Death Curse of Tartu is a perfect illustration of the aforementioned anomalous approach to exploitation filmmaking. It has a proactively perverse premise - the reanimated corpse of an ancient Seminole Indian witch doctor wrecks havoc on naïve Florida tourists - and the trademark cheesy effects of a typical grade Z quagmire terror fest. But in this case, all the Roquefort in Romania can’t seem to enliven this stilted Stilton saga. Maybe it’s the fact that, as a boogeyman, Tartu doesn’t actually do a great deal. He opens his eyes, rolls over in (and around) his grave, and turns into an angry crawdad to gumbo his victims to death. After just a couple of these creature reconfigurations, we get the distinct impression that a one narrative note is about to beat its plotline pony over and over again.
Tone may also be Tartu’s unmaking. It’s awfully supercilious when it should be just silly. Instead of camp, we get camp-ing. Instead of schlock, we get stock footage leftover from Mutual of Omaha’s Mild Kingdom. It is kind of hard to get wacky enjoyment out of flesh feasting sharks, slithery snakes, and jaw chomping gators, especially when everything is handled in a matter of fact, no real suspense fashion. And who knew that zombie death murders via shape shifting spooks happen seasonally in America’s retirement capital. That’s definitely something you don’t see in the standard tourist travelogue.
About the only thing that keeps you alert during this turgid Tartu is Grefé‘s apparent fascination with the wiggling derriere. Whenever the bopping rock and roll score comes on, the middle-aged teens who are supposed to represent the future of our great land bump and grind like Shriners at a convention - and big Bill’s camera captures their hyper extending hinders in all of their rump shaking glory. If you imagined the Okefenokee Swamp as a slightly more humid Camp Crystal Lake and a dirty-bandaged ex-pool man/tennis pro as Jason Voorhees, you’d have Death Curse of Tartu, except with a lot less blood and laugh letting.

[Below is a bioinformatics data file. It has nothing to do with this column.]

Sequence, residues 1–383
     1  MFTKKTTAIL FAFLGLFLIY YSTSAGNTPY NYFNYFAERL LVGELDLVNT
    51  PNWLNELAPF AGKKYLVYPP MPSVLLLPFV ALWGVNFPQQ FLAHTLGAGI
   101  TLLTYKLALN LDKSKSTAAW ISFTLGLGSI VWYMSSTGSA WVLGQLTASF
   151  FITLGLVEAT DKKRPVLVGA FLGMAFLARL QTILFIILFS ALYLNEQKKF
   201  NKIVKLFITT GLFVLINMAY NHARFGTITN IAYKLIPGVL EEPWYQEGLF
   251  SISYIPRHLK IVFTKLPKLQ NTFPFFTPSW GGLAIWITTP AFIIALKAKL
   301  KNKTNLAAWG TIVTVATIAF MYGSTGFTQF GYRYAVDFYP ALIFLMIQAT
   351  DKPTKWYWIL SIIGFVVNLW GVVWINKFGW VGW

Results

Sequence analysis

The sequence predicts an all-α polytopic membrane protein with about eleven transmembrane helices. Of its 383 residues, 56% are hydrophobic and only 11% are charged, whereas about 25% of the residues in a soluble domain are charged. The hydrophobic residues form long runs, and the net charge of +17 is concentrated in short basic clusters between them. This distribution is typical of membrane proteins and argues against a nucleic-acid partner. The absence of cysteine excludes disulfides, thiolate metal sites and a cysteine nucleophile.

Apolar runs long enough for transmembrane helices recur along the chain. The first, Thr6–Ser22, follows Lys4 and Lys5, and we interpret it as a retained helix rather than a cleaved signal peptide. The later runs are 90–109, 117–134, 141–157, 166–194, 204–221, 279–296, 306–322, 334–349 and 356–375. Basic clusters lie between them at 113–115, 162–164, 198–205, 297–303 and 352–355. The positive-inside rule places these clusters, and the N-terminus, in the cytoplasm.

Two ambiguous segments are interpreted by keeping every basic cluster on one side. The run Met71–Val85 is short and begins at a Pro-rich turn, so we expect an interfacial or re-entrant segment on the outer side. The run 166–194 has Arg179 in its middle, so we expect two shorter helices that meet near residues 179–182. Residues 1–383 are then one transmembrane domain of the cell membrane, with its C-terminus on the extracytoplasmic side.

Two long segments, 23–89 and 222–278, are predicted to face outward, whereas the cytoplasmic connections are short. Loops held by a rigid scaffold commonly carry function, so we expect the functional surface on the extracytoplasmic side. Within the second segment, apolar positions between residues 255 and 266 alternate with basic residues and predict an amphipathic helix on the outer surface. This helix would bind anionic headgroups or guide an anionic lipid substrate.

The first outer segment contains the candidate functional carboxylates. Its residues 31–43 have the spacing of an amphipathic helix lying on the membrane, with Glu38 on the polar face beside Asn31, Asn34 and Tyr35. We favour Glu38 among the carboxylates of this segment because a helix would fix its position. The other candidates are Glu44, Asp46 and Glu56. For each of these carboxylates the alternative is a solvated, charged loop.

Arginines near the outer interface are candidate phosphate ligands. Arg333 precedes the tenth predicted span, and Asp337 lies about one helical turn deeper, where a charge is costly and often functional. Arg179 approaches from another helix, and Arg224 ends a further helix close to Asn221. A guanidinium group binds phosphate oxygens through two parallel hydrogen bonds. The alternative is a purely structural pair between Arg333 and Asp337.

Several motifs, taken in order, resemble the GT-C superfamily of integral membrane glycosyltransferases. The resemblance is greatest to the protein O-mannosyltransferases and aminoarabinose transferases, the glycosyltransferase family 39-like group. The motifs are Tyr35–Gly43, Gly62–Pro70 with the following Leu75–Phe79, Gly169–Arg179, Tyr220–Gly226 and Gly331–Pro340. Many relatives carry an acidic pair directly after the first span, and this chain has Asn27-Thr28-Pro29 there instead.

Bubby is 35 years old. He has lived in a grimy bunker like apartment all his life. His only companions are a feral cat, and his fanatical mother. Dictatorial and overbearing, this supposed parent treats her son horribly, making outrageous demands and ridiculous rules. Of course, with her boy now a man, she also benefits of his “matured” sexuality. Bubby cannot escape his claustrophobic world. Mother has told him that the air outside is contaminated and if the poison doesn’t get him, Jesus will. So Bubby stays inside, waiting for the next round of reprobate behavior. One day, a stranger comes knocking at the door. It turns out to be Bubby’s long lost father. Confused and scared, Bubby’s behavior turns even more twisted, and it’s not long before he has dealt with his family issues, and is off on his own. And the world turns out to be a strange and savage place for our stifled simpleton.
You have never seen a movie quite like Bad Boy Bubby. No David Lynchian surrealscape or David Cronenberg psychosexual splatter job can compare to the stellar, sinister magic director Rolf De Heer creates in this amazing masterpiece. Borrowing from his demented brothers in arms, De Heer uses many recognizable reference points to define a unique style and vision all his own. By fashioning experimental elements into a strong focus on character and narrative, the filmmaker takes us on a literal journey from Hell to Heaven. As much a coming of age as it is a mediation on the pitfalls of maturity, this is a Thomas Pynchon novel typed onto celluloid, a complex narrative where every scene has several meanings, and differing layers diverge and reform to create something wholly original and inspired with each configuration. It may be difficult to watch at first, and does deal with subjects and people that we’d never imagine tolerating, let alone taking an interest in. But somehow, with all the vileness and the vitality on hand, De Heer and his stellar cast manage to concoct a modern classic.